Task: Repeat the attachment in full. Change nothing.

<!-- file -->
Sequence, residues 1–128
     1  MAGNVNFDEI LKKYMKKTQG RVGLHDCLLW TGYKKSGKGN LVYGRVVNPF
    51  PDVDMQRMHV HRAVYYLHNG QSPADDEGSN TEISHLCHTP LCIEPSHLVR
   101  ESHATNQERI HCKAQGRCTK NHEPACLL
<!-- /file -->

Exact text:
Sequence, residues 1–128
     1  MAGNVNFDEI LKKYMKKTQG RVGLHDCLLW TGYKKSGKGN LVYGRVVNPF
    51  PDVDMQRMHV HRAVYYLHNG QSPADDEGSN TEISHLCHTP LCIEPSHLVR
   101  ESHATNQERI HCKAQGRCTK NHEPACLL